On the 2nd of November (KST), the main sponsor of Worlds 2018, Mastercard, held an event called Mastercard Nexus in Seoul. Many players and streamers came in to participate in the event. In the meantime, we had a chance to talk to one of Riot's global esports co-leads, Jarred Kennedy.
Hi, nice to meet you. Can you briefly introduce yourself?
My name is Jarred Kennedy, and I’m co-head of esports for Riot Games.
What are the main things you do?
I’m generally responsible for the health of the sport overall; specifically, I’m also responsible for operating all of our global events and everything associated with them.
About the three locations for Worlds for the next three years that were announced yesterday. What was the main reason to announce them at the same time?
This has been a long-term aspiration of ours to be more strategic about how we operate our global events. This represented the combination of a lot of work around how do you unlock the ability to allow sponsors and cities to get behind you earlier in the process and make a better overall experience for fans on the ground.
So by calling our shot, the planning can start three years out which we think we’ll make a pretty big difference for the overall product.
Does it have any relation with this year’s venues being announced late?
Yes and no. We started looking at venues for Korea a year ago. But sometimes, each market has different rules around when you can actually secure the venues. I think this year’s late venue announcement was less about a lack of planning and more around the local market dynamics. But our aspiration is to secure venues in as far in advance as possible because it allows fans, brands to plan, and it allows our team to put on the best possible show.
Why did you decide to have Worlds for the coming years in those regions specifically?
There’s a bunch of regions but the main one being they’re all terrific regions with thriving fan basis and places where we think we can execute the World Championship to the standard that we feel is deserved by the fans.
Is there a special reason for each region or is it all the same?
I would say each region has its own advantages but all of them meet the strategic criteria. There’s a broad League of Legends community, there are venues at the scale we want to operate in, there’s the infrastructure that we need, and that we feel like we can go in there and activate with partners to put on a great experience.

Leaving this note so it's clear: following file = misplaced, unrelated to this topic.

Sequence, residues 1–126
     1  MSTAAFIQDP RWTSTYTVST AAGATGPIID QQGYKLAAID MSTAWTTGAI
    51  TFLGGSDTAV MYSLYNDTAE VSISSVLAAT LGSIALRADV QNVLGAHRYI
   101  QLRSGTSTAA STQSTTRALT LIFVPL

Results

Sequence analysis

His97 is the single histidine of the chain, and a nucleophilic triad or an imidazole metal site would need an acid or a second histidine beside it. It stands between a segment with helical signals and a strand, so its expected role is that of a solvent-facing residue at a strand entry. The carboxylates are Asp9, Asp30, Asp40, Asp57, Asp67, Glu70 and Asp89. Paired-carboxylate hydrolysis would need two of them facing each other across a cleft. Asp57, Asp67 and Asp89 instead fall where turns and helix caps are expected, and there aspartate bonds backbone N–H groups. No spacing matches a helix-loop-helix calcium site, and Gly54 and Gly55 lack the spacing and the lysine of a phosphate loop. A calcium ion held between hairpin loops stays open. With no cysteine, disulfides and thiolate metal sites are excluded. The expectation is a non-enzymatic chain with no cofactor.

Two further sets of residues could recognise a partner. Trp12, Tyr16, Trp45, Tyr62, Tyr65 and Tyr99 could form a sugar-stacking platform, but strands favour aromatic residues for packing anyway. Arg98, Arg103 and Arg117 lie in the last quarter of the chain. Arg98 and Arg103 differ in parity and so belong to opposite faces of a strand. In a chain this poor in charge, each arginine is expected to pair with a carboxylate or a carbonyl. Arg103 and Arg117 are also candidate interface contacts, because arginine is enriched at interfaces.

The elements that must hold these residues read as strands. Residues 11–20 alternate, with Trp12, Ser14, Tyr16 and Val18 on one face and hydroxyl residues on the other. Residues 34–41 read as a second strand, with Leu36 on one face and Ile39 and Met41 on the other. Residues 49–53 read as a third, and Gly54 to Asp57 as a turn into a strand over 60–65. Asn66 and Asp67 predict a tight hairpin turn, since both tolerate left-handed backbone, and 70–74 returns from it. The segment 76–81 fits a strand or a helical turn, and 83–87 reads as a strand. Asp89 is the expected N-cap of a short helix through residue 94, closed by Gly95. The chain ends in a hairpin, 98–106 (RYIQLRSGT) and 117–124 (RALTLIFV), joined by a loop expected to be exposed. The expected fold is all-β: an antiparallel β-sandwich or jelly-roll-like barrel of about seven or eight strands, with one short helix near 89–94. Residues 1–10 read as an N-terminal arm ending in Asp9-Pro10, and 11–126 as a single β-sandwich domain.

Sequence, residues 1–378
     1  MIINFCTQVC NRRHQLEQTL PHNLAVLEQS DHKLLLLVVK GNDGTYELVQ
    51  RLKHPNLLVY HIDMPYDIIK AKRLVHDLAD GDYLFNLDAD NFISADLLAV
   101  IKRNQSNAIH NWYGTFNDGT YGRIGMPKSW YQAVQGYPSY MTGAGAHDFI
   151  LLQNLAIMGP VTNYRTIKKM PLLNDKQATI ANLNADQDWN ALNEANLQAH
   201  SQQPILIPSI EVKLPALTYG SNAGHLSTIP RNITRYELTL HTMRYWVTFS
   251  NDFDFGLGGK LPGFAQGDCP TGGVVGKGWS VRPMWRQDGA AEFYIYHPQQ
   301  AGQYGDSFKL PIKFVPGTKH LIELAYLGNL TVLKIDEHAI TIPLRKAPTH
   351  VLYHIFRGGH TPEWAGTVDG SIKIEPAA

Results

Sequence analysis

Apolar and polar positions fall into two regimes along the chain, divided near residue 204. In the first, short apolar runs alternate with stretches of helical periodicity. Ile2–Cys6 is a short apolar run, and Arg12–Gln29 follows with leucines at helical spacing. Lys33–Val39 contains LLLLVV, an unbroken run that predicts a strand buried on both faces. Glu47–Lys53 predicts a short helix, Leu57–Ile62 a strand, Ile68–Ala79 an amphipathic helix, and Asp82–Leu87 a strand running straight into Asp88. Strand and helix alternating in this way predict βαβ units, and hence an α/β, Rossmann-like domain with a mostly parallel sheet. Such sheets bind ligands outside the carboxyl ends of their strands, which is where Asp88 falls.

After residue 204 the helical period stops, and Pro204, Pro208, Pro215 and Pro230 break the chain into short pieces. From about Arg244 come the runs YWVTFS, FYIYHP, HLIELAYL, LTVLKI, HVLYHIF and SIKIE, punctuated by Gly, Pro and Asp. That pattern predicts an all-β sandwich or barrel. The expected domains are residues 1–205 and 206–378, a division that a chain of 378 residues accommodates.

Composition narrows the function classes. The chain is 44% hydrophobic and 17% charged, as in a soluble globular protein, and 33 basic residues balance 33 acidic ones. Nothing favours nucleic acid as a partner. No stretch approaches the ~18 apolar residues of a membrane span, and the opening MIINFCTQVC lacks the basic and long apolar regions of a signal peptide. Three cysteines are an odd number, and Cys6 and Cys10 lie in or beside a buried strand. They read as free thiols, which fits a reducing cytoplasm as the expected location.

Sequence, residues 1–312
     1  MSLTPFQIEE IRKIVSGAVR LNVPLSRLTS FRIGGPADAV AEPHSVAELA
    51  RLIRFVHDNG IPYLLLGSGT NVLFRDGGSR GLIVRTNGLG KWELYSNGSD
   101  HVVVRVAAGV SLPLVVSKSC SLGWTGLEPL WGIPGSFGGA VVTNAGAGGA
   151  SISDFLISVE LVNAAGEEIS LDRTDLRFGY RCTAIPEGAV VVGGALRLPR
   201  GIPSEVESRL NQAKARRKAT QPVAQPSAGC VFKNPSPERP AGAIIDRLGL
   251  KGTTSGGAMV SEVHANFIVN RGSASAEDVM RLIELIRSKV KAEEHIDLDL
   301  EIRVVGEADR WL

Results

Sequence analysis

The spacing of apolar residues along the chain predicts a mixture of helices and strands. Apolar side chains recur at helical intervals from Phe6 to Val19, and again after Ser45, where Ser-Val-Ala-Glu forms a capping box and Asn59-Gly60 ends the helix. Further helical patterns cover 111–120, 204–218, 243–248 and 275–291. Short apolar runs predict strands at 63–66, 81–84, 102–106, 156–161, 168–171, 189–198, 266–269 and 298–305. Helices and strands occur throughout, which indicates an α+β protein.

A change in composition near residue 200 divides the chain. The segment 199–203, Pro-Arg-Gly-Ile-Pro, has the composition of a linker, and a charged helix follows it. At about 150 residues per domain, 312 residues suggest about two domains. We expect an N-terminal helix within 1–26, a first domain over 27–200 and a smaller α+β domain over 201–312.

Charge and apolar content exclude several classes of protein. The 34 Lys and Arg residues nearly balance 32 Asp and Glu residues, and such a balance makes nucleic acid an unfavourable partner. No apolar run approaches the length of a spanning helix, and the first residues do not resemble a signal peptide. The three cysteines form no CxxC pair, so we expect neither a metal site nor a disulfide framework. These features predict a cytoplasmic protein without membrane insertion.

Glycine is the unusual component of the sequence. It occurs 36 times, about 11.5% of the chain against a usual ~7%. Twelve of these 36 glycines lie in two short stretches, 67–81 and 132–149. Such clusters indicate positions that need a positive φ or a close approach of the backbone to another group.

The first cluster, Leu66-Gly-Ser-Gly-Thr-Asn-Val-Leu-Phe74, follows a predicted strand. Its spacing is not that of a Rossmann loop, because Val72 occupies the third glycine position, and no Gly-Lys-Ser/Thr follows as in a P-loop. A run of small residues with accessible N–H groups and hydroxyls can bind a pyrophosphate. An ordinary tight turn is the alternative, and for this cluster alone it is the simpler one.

There’s a lot of attention to the Worlds locations from the fans. What’s the most important aspect of selecting a location?
The most important thing is the fans. Do we feel like the fans are there, or will go there and enjoy themselves? The good news for us is that there are a lot of places in the world that meet that criteria.
So the next question is: do we feel that we can go in there and execute? Can we get the venues far enough in advance? Do the venues have the infrastructure that we need? Can we be on the ground there for several weeks? And a lot of the logistical operational things come in, but the first thing is really are the fans there and can we give the fans a great experience.
Most of the international competitions are held in NA, EU, China, or Korea. Do you have any plans to have future events in other regions such as Japan or Southeastern Asia?
We’ve been to Southeastern Asia in the past for Worlds; we were in Taiwan and also in Singapore. We were in Brazil for MSI last year. So we’re always looking for ways to bring LoL esports to other parts of the world, and we love it when we do that. I was in Brazil, I was in Taipei; those were amazing experiences with incredible fan basis.
So yes, we do plan to do that. Obviously, not for Worlds in the next three years, but we’re always looking at ways that we can bring this experiences around the world. And we have other events like Rift Rivals that allow us to do some of that as well.
As one of the leaders in global esports, how was this Worlds?